A number of the stories are very interesting, and overall Dostoevsky paints an impressive picture of prison life as a whole. Though it's clear that his experience in prison was a brutal one, the reader never feels as though Dostoevsky is overplaying the prisoners' suffering, which makes it seem all the more authentic. However, I'd have to say this sort of narrative doesn't really play into Dostoevsky's overall strength as an author. Dostoevsky's best works generally have a strong and coherent (though in some cases somewhat melodramatic) plot that develops more or less linearly throughout the novel; The House of the Dead, on the other hand, is hardly more than a series of related roughly-15-page short stories and so inevitably lacks the suspense of much of Dostoevsky's other work. For the same reason, none of the characters get especially well developed--the reader is left with a lot of interesting character sketches, none of which get fleshed out.
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20 of 22 people found the following review helpful
5.0 out of 5 stars An incredible book that must be read. December 19, 1998
By A Customer
This book examines to what extent a man will go to keep his humanity. Among feters and prison walls, a different sort of society emerges. How is a caged man different from a caged animal? Does a prison truely change a man for the better? This is a great book.
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9 of 9 people found the following review helpful
5.0 out of 5 stars Days of fear and hope May 18, 2006
Fyodor Dostoyevsky's "The House of the Dead" is one of the most powerful narratives about life in prison. A quasi-autobiographical work, the writer used the days he spent in Siberia prison to create powerful moments of sadness, fear and hope. Not many were able to be released from there, but he was one of them, and with this work he reminds everyone what it is about to be a political prisoner.

"The House of the Dead" may not be one of best works from this Russian writer, who produced masterpieces such as "Crime an Punishment" and "The Brothers Karamazov", but still it is a vivid account of hard times. Many scenes are unforgettable, and resonate to the condition that many people live today around the world - think of the soup that the prisoners have in the first part of the book, for instance.

Dostoyevsky manages to create a living portray of many people who are forced to share the same place at the same time, however much they can't stand each other. He is able to bring to life both human beings and animals. His description of his meeting with a dog can bring tears to the eyes of the most tough reader.

David McDuff's translation is superb, and so is Penguin Classics edition. The book is complemented by notes on the text and a excellent introduction. However, as happens to many books in this collection, it is advisable to read the introduction after reading the novel, because it may have spoilers.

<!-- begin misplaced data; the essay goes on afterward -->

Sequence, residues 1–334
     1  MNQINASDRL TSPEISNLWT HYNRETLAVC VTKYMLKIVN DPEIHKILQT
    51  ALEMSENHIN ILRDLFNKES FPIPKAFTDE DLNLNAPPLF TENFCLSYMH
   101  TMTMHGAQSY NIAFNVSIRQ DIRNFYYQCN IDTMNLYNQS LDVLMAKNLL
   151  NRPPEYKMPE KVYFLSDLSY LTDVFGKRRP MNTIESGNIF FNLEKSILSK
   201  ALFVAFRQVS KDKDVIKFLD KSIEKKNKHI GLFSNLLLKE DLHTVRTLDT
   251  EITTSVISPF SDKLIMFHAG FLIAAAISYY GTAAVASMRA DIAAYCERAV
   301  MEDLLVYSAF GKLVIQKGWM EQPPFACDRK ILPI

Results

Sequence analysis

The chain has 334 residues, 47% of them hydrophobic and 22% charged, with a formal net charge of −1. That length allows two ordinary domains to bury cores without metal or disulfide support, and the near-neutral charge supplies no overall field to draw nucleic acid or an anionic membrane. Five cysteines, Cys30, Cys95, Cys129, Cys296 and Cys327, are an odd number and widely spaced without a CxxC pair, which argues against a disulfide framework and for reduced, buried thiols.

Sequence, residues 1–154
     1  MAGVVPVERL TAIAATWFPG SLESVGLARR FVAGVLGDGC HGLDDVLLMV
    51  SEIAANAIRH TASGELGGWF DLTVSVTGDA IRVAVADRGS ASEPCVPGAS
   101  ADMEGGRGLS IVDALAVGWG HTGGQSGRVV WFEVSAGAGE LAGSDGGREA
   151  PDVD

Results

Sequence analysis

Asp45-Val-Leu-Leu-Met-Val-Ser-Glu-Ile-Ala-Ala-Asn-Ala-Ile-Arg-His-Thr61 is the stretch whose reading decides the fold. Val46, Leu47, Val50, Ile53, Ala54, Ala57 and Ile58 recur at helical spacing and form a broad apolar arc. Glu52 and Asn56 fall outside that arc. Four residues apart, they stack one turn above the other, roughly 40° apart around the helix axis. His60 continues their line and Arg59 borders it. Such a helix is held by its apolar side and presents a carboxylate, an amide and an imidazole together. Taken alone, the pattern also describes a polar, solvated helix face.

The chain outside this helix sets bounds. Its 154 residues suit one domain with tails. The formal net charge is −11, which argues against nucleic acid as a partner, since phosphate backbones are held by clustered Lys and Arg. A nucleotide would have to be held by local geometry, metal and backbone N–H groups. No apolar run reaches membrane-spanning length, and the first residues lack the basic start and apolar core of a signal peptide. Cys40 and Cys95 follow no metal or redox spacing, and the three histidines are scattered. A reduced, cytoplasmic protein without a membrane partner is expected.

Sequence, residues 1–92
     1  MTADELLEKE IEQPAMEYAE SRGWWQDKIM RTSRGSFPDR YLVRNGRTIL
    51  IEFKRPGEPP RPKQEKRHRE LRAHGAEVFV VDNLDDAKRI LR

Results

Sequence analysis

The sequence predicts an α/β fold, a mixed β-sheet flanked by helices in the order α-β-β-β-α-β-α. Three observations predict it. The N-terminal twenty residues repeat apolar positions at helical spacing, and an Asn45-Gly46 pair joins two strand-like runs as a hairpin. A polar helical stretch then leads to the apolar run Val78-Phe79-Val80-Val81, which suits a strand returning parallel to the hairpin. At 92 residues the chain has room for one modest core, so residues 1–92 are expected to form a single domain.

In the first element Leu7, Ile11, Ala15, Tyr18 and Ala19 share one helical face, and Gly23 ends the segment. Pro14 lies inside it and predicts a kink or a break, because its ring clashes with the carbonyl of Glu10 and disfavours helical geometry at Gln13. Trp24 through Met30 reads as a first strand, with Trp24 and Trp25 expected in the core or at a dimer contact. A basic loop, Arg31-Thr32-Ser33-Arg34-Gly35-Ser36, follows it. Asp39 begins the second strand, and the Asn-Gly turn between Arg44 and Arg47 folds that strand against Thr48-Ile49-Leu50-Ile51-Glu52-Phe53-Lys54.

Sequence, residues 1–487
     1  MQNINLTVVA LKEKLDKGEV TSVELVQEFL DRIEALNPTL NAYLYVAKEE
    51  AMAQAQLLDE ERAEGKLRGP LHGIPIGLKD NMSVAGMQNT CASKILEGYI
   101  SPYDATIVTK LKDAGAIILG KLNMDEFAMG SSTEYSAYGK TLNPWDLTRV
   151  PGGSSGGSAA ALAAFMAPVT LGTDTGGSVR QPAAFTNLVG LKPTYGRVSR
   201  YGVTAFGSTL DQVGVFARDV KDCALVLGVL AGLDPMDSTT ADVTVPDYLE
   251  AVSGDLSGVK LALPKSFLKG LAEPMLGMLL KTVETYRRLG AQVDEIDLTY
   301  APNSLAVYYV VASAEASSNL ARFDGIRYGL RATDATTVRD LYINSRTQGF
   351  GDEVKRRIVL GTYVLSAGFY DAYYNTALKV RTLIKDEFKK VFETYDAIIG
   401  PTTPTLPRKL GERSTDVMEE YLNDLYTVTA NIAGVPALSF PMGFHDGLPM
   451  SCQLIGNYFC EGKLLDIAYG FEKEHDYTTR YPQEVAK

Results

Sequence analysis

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Most Recent Customer Reviews
4.0 out of 5 stars Definitely brilliant in places
I'd give it 4.5 stars if I could figure out how to do it. Definitely brilliant in places. But it's no Brothers Karamazov; it's no The Gambler; it's no Notes from the Underground;... Read more
Published 3 months ago by Jason Trask
5.0 out of 5 stars Five Stars
A great and revealing account of life in Syberia under the Czar.
Published 4 months ago by Leroy A. Franklin
5.0 out of 5 stars Great translation, and a very comprehensive package
Great translation, and a very comprehensive package, a context through Translator's Introduction, Notes and a Chronology which enriches the reading experience immensely and has... Read more
Published 6 months ago by Frans van Hoek
4.0 out of 5 stars Full head of hair?
Not the best Dostoyevsky. Won't let you smile much. Good insights to Russia. One question I have is about the cover. Read more
Published 6 months ago by leroy
4.0 out of 5 stars Russian author with excellent prose
Dostoevsky is depressing and this book follows true to form. His prose is excellent but always makes me sad for some reason.
Published 6 months ago by Lee Schuler
3.0 out of 5 stars person of great intelligence and insight
Dostoyevsky, person of great intelligence and insight, always worth a try. This book is of interest for its history, but doesn't lead to much. I'd never spend time with it again.
Published 8 months ago by grandmesa456
5.0 out of 5 stars awesome
Some things change but most stay the same if you move ahead to a day in the life of ivan denisovitch
Published 9 months ago by Pedro Cuevas Estandia
3.0 out of 5 stars Not as interesting as I expected...
I was a little bit disappointed with this book. I love Dostoevsky. The Brothers Karamazov and Crime and Punishment are two of my favorite books. Read more
Published 15 months ago by Brian C.
5.0 out of 5 stars Misery Myth
There is this widely accepted myth that in the annals of human history African Americans have a more profound experience with mistreatment. Read more
Published 17 months ago by Amazon Customer
4.0 out of 5 stars Exile in Siberia.
Published in 1861, House of the Dead is a semi-autobiographical work based upon Dostoevsky’s exile to Siberia where he was punished with ‘hard labor’ after he was initially... Read more
Published 17 months ago by M. DeKalb